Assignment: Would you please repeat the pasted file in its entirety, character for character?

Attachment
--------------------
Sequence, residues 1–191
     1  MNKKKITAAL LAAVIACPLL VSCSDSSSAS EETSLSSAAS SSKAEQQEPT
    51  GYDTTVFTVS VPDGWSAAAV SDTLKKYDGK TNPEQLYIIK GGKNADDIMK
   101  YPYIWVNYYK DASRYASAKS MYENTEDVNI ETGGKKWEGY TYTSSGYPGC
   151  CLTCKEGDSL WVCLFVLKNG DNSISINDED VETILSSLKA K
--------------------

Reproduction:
Sequence, residues 1–191
     1  MNKKKITAAL LAAVIACPLL VSCSDSSSAS EETSLSSAAS SSKAEQQEPT
    51  GYDTTVFTVS VPDGWSAAAV SDTLKKYDGK TNPEQLYIIK GGKNADDIMK
   101  YPYIWVNYYK DASRYASAKS MYENTEDVNI ETGGKKWEGY TYTSSGYPGC
   151  CLTCKEGDSL WVCLFVLKNG DNSISINDED VETILSSLKA K